What does anxiety feel like for you?

For me, it’s mostly in my stomach, it feels like my muscles are tightly clenched. Thoughts race across my mind at lightning speed. I make a conscious effort to breathe in and out deeply. I would assume that my stomach muscles tighten as a result of the content of my thoughts but I am not always so sure. Anxiety has been such a big part of my existence for so very long that it is difficult to unravel for me. I don’t know where it begins and ends!

What I notice the most, however, is the absence of anxiety. The beautiful moments when there is no anxiety, when I am calm and happy and not agitated or worried about anything.

I always spoil the beautiful moment by thinking about the anxiety and anticipating its return.

Anxiety left me for a short spell; a precious few days when my mind wasn’t preoccupied by thoughts of the abuse or impending doom. I just relaxed into myself and felt really good. I was able to keep things in perspective and just live in the now! It’s like I forgot almost!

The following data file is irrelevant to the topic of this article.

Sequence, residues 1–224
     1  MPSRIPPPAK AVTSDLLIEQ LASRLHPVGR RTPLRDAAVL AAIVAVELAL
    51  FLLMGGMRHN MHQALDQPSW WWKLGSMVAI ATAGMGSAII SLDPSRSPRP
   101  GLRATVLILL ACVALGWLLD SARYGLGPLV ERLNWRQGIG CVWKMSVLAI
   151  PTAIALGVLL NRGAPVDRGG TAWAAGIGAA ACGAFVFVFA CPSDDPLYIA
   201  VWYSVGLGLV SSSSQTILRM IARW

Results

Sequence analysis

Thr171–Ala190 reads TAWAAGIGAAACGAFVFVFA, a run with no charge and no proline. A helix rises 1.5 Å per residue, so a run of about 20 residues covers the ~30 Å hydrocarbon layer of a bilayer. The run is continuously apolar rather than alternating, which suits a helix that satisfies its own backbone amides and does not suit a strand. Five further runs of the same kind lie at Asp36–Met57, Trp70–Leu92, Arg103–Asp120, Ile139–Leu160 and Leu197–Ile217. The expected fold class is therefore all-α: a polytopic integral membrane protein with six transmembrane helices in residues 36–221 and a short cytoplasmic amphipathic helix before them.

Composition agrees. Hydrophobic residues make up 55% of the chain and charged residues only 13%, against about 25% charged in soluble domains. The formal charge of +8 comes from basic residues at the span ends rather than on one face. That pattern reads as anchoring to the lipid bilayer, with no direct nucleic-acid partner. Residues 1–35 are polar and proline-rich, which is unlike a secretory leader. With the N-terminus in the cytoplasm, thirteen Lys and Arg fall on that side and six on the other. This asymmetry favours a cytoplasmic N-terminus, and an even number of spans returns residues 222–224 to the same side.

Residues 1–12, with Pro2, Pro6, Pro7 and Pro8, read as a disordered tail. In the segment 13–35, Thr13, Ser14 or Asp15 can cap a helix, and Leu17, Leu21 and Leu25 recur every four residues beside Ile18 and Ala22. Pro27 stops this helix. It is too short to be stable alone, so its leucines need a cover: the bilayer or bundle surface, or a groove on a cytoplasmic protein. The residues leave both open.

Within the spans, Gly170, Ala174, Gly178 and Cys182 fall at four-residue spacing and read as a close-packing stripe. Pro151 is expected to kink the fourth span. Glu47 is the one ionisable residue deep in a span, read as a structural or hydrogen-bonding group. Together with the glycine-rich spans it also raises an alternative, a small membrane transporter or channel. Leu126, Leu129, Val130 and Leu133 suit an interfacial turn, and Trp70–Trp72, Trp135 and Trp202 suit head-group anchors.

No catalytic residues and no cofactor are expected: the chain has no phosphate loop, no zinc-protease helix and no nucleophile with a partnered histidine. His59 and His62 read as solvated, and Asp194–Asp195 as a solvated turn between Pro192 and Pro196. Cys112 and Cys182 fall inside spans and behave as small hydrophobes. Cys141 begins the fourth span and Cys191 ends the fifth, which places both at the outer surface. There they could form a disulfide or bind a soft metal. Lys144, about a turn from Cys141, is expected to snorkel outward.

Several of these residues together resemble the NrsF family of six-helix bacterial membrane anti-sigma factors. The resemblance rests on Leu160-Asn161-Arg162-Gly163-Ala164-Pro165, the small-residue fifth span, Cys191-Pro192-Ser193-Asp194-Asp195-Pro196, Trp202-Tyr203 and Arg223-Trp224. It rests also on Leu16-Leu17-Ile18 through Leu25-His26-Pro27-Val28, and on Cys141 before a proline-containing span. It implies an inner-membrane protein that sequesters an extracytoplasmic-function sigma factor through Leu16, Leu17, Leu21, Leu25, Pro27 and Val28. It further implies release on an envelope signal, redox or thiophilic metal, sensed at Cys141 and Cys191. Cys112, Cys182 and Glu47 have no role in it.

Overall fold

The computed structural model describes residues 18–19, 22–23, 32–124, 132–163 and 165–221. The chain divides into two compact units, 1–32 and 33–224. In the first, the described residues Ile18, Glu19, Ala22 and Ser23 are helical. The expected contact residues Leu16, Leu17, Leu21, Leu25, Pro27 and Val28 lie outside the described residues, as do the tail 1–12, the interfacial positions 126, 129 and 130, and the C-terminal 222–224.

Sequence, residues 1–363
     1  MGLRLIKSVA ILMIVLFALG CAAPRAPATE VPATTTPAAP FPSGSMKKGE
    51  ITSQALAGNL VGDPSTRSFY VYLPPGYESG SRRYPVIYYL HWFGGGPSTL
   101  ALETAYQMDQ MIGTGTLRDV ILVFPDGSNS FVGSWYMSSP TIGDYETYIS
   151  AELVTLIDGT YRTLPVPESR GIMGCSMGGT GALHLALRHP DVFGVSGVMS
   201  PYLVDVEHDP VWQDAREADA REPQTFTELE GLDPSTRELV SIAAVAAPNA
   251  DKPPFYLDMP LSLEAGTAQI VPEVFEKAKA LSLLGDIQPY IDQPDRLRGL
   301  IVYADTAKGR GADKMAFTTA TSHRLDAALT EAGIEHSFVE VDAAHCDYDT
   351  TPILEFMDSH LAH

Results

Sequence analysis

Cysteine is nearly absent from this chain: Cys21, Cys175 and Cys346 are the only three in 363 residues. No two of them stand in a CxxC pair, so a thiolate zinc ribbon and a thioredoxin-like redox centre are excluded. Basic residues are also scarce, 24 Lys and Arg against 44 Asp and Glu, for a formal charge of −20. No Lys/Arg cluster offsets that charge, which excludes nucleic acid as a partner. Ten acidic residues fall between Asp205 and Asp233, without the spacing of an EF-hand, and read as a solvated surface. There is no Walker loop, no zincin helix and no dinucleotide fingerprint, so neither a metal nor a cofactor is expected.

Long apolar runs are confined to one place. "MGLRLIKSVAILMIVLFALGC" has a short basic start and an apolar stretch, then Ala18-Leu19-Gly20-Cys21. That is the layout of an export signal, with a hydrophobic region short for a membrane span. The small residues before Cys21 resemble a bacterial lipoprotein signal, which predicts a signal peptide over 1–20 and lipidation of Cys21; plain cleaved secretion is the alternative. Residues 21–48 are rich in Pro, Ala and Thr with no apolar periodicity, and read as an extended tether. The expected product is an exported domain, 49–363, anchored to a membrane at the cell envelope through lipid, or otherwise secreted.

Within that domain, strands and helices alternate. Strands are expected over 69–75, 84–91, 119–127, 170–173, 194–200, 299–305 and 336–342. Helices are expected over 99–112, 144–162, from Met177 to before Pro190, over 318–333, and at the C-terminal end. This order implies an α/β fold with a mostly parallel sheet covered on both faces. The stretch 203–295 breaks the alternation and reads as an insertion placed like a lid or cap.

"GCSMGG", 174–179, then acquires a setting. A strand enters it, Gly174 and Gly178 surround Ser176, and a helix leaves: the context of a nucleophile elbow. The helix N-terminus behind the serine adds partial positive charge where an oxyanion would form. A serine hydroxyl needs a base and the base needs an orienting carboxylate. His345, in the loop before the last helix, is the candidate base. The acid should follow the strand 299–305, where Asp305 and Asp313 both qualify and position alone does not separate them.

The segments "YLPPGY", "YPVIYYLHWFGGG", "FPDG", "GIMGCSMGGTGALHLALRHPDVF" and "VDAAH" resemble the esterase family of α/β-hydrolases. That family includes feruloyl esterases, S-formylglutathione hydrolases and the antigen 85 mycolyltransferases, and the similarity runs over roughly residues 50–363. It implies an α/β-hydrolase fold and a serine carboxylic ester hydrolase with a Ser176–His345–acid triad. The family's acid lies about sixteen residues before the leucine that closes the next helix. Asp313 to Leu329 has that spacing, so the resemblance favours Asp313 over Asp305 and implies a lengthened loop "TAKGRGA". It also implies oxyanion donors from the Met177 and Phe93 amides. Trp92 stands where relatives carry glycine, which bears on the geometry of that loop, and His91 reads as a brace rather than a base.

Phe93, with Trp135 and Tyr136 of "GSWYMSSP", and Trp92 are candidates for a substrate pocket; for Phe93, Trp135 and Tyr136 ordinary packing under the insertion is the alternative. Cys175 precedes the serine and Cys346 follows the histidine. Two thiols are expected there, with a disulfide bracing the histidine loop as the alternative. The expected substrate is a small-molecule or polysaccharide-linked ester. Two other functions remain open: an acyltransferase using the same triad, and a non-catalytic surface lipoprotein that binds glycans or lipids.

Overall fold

Today it is back. My old friend. Muscles clenched, worry, nervousness, restlessness the works. I try to relax into it but it’s hard.

Just existing is hard hard work for survivors of abuse. It’s a roller-coaster ride full of different moods and emotions that change suddenly.

How beautiful it must be to be anxiety-free for long periods of time! How different life would be!

I know this will pass, feelings don’t last forever, they are temporary, they come and go, the key is to let them be!


One thought on “Anxiety

  1. Breathing is good. When feeling anxious my breathing becomes shallow heightening the anxiety, not lessoning it. So it takes conscious effort to slow the breathing and deepen it. And it works on the body. When in a situation that’s scary or tense, or for you it sounds like generalized anxiety (all the time), take your pulse. Don’t use the thumb. Count how many breaths in a minute.
    Then consciously breath slowly and deeply for a few minutes. Take it again. I’ve done this in the bathtub where I can hear my heart beating. And I can hear it slow down. Your heart will slow down and the pulse ought to reflect that in a lower number.
    It’s not healthy to be in a state of constant anxiety. I hope you can find ways to give your body a break from it. Baths, conscious effort on deeper breathing, a nap…something you find relaxing…

    Liked by 2 people

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